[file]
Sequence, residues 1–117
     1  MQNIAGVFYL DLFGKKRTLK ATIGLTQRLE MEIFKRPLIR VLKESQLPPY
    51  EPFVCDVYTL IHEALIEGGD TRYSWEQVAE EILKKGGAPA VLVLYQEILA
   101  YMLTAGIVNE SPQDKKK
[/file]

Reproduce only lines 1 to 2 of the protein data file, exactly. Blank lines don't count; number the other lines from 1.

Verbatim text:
Sequence, residues 1–117
     1  MQNIAGVFYL DLFGKKRTLK ATIGLTQRLE MEIFKRPLIR VLKESQLPPY